Remodel of Gehry House: On the wall in the background, glass is used as an outer lining material, the interior lining and insulation is visible. Space is questioned in the unusual angle of glass roof/ceiling created in the foreground. What happens to the "waste space"? A precursor to programme areas wrapped in a skin? If these assumptions are questioned enough, can this still be recognised as a house?
The Peak Competition, Hong Kong, Zaha Hadid (1982-1983): This building was the winning entry for The Peak Competition in Hong Kong. It was never built. It has groups of angles and lines that are chaotic to each other but in families. Jagged edges contrast with other buildings but are more at home on the mountain as an extension of the mountain itself. sites.google.com/...
Remodel of Gehry House, Santa Monica, CA, USA, Frank Gehry (1979-1988): Gehry challenges the assumption of what materials were used for. The cyclone fence is used in a sculptural like fascade/roof that doesn't shelter and corrugated iron, once relegated to rural sheds, is the main material used on the exterior of the house. Note the front door is almost an afterthought.
Jewish Museum: Aerial View. The shape of the building in plan is a further statement of the instability and chaos created by the holocaust. Yet there is a couple of straight lines in it. A sign of hope? Of rationality in chaos? The lines are cut through but are still intact.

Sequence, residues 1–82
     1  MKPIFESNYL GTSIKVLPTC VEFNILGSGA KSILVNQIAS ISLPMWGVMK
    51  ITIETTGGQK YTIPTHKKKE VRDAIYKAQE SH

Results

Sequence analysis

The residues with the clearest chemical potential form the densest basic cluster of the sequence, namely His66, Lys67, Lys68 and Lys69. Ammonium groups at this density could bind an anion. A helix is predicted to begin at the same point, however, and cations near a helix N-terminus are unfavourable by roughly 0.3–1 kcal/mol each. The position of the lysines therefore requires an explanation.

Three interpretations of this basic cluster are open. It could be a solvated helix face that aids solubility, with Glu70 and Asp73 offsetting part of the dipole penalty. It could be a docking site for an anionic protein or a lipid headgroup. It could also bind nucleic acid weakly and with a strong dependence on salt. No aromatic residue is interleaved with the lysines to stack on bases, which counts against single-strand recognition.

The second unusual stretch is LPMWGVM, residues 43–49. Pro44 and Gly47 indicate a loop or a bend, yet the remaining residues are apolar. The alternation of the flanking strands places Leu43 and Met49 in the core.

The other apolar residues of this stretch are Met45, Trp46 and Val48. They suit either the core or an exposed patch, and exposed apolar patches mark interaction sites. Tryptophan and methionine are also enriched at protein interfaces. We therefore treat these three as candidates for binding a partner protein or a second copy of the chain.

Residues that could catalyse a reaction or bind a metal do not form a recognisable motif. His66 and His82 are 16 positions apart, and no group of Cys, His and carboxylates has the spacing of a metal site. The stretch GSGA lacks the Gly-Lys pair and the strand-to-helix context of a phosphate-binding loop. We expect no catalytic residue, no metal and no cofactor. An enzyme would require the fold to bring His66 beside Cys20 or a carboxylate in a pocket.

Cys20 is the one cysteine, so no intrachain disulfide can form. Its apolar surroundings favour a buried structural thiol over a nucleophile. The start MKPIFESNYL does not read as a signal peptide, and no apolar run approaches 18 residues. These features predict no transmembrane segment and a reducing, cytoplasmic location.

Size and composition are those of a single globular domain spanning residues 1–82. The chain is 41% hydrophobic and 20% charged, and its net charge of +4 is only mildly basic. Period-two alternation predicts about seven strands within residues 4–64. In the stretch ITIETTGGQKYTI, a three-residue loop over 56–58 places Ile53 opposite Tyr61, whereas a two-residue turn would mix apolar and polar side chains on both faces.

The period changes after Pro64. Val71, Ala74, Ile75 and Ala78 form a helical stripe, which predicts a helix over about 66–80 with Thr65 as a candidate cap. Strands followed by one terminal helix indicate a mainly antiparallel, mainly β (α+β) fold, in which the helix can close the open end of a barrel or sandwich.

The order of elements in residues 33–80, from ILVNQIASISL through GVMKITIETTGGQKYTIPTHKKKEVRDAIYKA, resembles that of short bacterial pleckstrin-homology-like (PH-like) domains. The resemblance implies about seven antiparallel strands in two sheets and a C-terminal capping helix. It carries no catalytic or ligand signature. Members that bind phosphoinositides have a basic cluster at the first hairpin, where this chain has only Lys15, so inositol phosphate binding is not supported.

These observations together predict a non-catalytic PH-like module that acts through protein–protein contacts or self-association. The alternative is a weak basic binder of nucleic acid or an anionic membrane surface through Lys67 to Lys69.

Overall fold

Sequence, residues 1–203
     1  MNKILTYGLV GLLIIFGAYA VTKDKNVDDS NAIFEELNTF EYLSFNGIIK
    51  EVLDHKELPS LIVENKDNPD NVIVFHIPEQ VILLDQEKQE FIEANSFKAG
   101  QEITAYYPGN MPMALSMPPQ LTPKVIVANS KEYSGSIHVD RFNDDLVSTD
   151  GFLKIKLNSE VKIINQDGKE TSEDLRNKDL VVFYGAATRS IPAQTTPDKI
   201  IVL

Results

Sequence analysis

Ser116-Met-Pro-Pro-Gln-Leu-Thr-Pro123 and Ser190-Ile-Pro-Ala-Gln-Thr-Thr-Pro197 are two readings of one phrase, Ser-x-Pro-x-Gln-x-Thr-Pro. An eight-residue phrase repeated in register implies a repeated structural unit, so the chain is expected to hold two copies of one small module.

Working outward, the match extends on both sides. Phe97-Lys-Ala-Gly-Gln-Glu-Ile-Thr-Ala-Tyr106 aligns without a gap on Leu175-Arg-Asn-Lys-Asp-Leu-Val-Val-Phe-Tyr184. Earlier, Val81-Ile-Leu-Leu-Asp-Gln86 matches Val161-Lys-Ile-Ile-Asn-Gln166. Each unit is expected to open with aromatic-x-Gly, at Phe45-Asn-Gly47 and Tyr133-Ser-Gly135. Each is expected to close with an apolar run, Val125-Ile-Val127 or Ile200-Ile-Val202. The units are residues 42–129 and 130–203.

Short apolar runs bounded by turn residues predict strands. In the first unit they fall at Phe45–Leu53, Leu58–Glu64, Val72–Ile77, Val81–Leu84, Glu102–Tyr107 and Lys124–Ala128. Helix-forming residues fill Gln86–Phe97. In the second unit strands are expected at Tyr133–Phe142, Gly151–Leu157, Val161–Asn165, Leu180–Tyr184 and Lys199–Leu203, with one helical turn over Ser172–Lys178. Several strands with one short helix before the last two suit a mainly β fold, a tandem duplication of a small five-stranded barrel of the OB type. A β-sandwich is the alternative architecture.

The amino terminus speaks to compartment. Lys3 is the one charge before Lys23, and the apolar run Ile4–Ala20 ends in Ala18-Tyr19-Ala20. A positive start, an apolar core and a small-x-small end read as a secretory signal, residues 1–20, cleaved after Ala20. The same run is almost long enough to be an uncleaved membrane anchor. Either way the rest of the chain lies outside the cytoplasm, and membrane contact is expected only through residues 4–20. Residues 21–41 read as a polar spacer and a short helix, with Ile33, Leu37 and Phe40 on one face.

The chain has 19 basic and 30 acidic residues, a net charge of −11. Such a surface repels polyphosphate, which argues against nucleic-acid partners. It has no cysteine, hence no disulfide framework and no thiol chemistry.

Remodelling of Roof-top, Biberstrasse Offices, Vienna, Austria, Coop Himmelblau (1985): The roof-top of an office building has been remodelled to take full advantage of the views and light. The structure was designed to frame views (some of them were not desirable) and express the flow of energy in a "taut arc". The line dips below the "ground" of the extension. What an opportunity!
Parc de la Villette, Bernard Tschumi, Paris (1982-1998): Reclaimed post industrial areas combine urban and rural structures. The park is dotted in a grid pattern with follies that are no longer working - they are parts of machinery and buildings. The past is fractured, but is reassembled in a grid, creating a rarefied atmosphere and context to look back with in retrospect.
Netherlands Dance Theatre, The Hague, The Netherlands, Rem Koolhaas (1987-1988): It is not in any sense a traditional building. It does not have symmetry, rhythm or linearity. I do think it does have a certain balance though. The building is well represented here by an abstract painting by the architect.